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Gov. Inslee, AG Ferguson demand answers over imprisoned asylum seekers

The Federal Detention Center in SeaTac. (Sounder Bruce, Flickr)

UPDATE: Governor Jay Inslee and Attorney General Bob Ferguson say they’re concerned about reports that at least 60 asylum-seeking mothers, separated from their children, are now being held at a federal prison in SeaTac.

The two Democrats sent a letter to the Trump administration Thursday night, seeking more information. They’re asking where the children of the women are and when they can expect to see their kids again.

Original story

Two women said they were brought to the federal detention center in SeaTac after they crossed the Texas-Mexico border with their children. They have been separated from their children and do not know where they are.

“We are pretty confident (the children) are still in the country …” said Jorge Baron, executive director of Northwest Immigrant Rights Project. “The Office of Refugee Resettlement are in charge of children who are unaccompanied. But the children did not come on their own, they came with their mothers; we forcibly separated them from their mothers. They are now being held at these facilities, we understand, but we have no way of verifying that at this point.”

Northwest Immigration Rights Project staff estimate at least 60 additional women have been separated from their children and are also being held there.

Baron spoke with two mothers at the SeaTac who were removed from their daughters — ages 11 and 15. They were separated from their children because of a new policy put in place by the Trump Administration that processes children and adults differently when they cross the border illegally.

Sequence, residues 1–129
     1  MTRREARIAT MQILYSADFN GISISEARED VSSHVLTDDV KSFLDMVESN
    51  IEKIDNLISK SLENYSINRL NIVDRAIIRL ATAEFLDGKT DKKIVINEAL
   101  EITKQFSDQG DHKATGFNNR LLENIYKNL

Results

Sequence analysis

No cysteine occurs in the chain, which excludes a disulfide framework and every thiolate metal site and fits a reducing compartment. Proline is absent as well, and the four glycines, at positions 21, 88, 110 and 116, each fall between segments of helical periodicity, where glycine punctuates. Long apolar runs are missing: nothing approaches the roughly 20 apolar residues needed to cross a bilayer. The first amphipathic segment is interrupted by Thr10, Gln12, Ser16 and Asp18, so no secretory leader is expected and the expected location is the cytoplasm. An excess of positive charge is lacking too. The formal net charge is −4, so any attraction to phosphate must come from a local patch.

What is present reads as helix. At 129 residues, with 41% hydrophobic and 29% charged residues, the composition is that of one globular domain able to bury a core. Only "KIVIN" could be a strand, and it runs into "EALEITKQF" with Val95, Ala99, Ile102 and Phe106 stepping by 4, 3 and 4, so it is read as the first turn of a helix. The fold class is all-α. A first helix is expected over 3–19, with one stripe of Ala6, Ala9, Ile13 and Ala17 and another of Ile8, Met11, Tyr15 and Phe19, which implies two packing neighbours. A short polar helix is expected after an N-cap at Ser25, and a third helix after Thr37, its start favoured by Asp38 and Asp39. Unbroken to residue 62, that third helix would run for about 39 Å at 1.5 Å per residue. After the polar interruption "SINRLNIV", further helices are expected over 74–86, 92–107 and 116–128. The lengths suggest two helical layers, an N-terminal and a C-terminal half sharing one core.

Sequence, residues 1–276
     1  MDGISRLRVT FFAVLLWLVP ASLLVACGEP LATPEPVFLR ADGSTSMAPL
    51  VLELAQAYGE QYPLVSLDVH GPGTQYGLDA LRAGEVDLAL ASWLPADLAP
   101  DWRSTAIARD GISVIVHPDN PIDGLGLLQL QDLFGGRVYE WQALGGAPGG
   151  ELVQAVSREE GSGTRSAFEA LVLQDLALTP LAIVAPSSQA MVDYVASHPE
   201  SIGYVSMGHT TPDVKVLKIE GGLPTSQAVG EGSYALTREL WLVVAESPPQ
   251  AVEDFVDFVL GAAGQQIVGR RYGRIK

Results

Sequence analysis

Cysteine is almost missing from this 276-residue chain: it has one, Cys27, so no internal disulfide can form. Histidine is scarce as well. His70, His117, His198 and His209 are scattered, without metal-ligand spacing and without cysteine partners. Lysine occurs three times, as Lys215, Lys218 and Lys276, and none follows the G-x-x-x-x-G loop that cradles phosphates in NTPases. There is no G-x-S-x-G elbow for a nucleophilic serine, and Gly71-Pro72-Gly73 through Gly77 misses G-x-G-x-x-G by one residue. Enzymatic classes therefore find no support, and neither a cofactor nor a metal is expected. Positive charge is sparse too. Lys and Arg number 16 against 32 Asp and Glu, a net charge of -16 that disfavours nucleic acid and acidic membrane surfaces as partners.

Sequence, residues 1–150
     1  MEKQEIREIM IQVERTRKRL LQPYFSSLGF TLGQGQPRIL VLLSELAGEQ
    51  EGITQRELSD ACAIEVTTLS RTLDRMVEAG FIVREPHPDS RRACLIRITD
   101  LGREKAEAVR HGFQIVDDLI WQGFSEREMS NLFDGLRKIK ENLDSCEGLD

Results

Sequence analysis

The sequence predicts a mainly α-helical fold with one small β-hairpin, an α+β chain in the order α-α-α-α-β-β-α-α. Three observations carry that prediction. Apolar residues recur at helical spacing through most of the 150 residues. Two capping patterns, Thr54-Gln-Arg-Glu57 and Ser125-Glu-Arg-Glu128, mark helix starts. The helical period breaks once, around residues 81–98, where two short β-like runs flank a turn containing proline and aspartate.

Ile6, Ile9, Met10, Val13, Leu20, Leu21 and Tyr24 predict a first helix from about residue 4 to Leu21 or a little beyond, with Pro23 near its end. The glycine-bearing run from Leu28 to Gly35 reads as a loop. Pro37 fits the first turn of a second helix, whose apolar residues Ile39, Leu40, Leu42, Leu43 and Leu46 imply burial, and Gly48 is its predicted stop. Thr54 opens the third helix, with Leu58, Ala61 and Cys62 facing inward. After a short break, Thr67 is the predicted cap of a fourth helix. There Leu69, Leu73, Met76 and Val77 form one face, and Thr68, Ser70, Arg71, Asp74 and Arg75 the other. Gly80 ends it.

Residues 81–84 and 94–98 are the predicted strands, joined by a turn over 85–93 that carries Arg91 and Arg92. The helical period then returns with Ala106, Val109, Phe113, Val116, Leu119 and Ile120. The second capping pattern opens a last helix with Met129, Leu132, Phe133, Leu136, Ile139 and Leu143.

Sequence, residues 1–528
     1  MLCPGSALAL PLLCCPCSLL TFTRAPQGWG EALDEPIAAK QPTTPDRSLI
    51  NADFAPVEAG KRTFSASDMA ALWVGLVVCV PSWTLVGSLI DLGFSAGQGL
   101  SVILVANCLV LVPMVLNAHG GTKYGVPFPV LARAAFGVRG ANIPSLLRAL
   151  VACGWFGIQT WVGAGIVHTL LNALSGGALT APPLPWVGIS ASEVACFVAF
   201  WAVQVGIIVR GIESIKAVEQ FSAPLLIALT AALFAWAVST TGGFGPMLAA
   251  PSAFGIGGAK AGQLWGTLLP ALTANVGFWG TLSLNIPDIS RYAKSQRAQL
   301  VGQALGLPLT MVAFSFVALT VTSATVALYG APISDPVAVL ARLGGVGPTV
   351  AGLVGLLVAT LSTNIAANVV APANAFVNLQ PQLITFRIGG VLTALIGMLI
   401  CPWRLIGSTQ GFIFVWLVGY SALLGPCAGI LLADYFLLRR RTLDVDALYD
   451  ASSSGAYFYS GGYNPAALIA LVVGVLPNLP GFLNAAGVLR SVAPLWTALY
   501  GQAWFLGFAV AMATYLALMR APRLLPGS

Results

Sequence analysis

“This is unprecedented,” Baron said. “We haven’t had the situation with children separated on such a massive scale.”

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“There is now a national move to move asylum seekers who came to us on the border to seek protection, and they are being transferred to five different federal prisons, one of them being the SeaTac Federal Detention Center,” Baron said. “The number we are hearing now from ICE is that 209 people were transferred. We don’t know how many of them are mothers with children, but I can tell you we spoke to two mothers yesterday who are asylum seekers who are separated from their children at SeaTac.”

Asylum seeking mothers in SeaTac

Baron said that it is unclear how many parents are at the SeaTac location who have been separated from their children. He said that the two mothers he spoke to were asylum seekers, fleeing persecution in South American countries. Baron further argues that US law is set up to accommodate asylum seekers and that law is not being honored.

“One of the women I talked to yesterday was saying ‘I’m afraid for my life and I’m afraid for my daughter’ who had been threatened and they had concerns about sexual assault as a 15-year-old daughter, which is unfortunately a sad common reality in places like El Salvador, Guatemala, and Honduras where many of these asylum seekers are coming from,” Baron said. “So, ‘what was my choice? I came to seek protection and now I’m being punished by having my children taken from me.’ We are really, as a country, doing something unconscionable.”

KUOW reports that the women are fleeing widespread gang violence in the countries Baron references.

“They are supposed to go through the asylum process and that takes time,” Baron said. “….Our law envisions that people are entitled to seek protection and asylum. The problem here is that we haven’t determined if people are eligible to claim asylum and we are punishing them before they have had a chance to seek asylum … many of them are fleeing persecution and are seeking protection here in our country.”

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